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Trademark closes on 63-acre Waterside site in Fort Worth

Construction begins Oct. 20 on the development, to be anchored by a Whole Foods Market.

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UPDATE: $215M hotel, indoor ski project planned for Grand Prairie

Officials in Grand Prairie are expected later today to announce a $215 million project that will include a Hard Rock Hotel and an indoor ski facility.

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Two Fort Worth council members propose temporary single-family moratorium around TCU

The moratorium would apply to new permits for single-family homes around TCU, and give the city time to figure out what to do with a controversial proposed overlay in several neighborhoods around the university.

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Fresh Ebola fears hit airline stocks

DALLAS (AP) — News that a nurse diagnosed with Ebola flew on a plane full of passengers raised fear among airline investors that the scare over the virus could cause travelers to avoid flying.

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Landscape architect behind several TCU landmarks acquired

The Dallas design firm behind several Texas Christian University projects, as well as Globe Life Park in Arlington and AT&T Stadium, has been acquired by Rvi Planning + Landscape Architecture.

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Union members reject Bell Helicopter contract offer

Bell Helicopter Osprys in airplane mode.

 

A. Lee Graham
Reporter

Members of United Auto Workers Local 218 have rejected Fort Worth-based Bell Helicopter’s proposed three-year contract offer.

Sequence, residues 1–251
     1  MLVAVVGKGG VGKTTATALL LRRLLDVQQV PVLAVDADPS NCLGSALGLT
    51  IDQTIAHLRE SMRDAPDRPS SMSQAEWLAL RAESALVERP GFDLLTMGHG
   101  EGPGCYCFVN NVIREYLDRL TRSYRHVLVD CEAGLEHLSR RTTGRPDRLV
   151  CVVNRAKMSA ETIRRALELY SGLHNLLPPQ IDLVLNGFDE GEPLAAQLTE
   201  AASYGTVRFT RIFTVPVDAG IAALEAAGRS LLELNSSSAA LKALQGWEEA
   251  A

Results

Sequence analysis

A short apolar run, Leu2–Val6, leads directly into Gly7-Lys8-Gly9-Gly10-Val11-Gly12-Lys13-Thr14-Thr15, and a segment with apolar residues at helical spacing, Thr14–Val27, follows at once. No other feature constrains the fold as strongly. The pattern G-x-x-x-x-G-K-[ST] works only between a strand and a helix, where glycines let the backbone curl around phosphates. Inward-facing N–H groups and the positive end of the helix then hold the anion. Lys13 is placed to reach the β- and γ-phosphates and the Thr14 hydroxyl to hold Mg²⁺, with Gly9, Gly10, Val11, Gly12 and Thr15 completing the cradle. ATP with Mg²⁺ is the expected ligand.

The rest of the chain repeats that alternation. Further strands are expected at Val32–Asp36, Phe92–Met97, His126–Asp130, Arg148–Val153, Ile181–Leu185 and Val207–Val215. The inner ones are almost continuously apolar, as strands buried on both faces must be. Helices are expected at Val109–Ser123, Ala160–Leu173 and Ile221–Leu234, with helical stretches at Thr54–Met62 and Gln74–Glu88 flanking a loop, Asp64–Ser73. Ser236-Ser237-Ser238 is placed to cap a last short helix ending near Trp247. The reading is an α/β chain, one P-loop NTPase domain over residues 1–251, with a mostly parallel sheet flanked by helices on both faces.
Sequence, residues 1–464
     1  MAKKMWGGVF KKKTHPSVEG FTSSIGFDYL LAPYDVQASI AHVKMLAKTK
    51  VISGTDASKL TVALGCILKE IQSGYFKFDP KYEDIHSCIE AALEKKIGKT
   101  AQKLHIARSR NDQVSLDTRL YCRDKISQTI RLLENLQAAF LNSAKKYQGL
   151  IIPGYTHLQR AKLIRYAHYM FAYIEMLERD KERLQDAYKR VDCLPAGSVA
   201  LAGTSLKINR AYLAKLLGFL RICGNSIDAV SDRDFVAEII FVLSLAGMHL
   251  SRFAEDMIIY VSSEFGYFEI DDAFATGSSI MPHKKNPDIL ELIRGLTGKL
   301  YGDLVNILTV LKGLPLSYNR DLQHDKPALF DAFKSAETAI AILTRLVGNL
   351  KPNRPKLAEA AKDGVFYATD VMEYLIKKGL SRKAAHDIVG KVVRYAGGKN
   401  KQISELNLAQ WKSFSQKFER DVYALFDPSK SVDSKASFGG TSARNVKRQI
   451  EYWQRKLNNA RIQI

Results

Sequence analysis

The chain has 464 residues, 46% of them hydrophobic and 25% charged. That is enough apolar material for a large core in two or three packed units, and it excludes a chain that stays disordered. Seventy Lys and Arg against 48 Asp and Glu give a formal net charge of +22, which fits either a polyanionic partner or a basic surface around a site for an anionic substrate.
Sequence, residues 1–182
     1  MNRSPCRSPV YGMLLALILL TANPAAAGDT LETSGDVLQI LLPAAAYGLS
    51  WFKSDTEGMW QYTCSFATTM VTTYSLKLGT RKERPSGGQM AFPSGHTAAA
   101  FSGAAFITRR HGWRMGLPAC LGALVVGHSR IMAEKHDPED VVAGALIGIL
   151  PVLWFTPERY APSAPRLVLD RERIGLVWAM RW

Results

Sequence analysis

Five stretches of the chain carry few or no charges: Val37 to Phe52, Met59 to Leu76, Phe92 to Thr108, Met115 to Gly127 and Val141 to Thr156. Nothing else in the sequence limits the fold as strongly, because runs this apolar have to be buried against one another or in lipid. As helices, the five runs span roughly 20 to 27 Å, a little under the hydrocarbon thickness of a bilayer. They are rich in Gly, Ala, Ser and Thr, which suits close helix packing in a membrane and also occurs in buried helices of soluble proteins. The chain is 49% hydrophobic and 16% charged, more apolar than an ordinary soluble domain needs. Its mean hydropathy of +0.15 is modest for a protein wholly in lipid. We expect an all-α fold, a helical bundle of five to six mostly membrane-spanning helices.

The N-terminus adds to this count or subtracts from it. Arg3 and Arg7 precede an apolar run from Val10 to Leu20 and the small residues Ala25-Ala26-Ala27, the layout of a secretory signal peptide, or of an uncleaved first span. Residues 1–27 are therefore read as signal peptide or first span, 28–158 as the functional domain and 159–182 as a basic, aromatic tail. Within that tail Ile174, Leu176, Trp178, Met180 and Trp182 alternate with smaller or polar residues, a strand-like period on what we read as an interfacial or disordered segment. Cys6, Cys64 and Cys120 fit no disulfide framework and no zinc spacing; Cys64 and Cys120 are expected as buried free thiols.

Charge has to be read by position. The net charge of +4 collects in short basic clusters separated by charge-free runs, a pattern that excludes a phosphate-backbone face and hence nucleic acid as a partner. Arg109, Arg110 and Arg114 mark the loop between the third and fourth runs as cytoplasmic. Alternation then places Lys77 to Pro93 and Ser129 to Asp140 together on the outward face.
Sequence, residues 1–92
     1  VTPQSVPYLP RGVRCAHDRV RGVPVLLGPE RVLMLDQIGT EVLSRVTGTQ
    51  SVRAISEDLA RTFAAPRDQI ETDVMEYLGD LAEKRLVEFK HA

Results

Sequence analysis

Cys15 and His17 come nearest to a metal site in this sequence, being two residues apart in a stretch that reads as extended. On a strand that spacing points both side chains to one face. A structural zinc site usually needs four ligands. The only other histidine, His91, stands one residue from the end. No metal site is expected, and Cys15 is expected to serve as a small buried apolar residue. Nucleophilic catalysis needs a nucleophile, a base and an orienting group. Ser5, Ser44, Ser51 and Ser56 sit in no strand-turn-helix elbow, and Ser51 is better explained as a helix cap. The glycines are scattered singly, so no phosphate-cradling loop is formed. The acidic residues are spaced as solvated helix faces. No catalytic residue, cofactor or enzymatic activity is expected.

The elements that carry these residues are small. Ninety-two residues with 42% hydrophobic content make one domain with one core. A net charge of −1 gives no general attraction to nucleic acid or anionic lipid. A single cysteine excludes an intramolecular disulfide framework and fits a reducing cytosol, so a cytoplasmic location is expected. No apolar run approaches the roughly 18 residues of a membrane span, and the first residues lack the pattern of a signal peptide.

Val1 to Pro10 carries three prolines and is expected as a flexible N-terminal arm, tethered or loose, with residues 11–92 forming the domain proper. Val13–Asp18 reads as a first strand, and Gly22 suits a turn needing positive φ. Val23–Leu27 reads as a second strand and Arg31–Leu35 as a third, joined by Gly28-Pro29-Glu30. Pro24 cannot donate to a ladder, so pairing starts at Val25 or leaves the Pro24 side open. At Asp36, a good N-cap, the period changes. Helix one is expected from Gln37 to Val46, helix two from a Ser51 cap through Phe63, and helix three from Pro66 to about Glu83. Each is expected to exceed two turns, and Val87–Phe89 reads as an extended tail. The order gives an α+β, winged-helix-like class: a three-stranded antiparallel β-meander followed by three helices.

“UAW Local 218’s membership has spoken, and has rejected Bell Helicopter’s last and final offer by 85 percent no, 15 percent yes,” reads a post on the union’s website made after the Sunday vote.
Union officials on Friday said they had bargained “in good faith” with the company and planned to continue negotiating an agreement.
A Bell Helicopter spokesman said the company is “disappointed” in the union’s contract rejection.
“However, we will allow the employees represented by UAW Local 218 to continue to work on a temporary basis while Bell Helicopter and the UAW continue to negotiate,” said Bell Helicopter spokesman Bill Schroeder.
What Schroeder called a “highly competitive, world-class offer” included, on average, $15,682 in increased compensation per employee over the life of the agreement.
“The company has been, and continues to be, wildly profitable; yet the company seeks to fundamentally change and destroy the collective bargaining agreement that has helped achieve and maintain that profitability with the punitive and unnecessary proposals and changes,” the union said on its website.
As of Monday morning, the union had not announced whether it would go on strike or continue negotiations.
The union website instructed its members to report to work as scheduled “until further notice” and to check for further updates.
Contract negotiations have been ongoing since April 18. The union’s four-year agreement expired at midnight Sunday.
Bell and union members have been meeting since April to negotiate a contract. The union’s four-year agreement expired Sunday at midnight.

 

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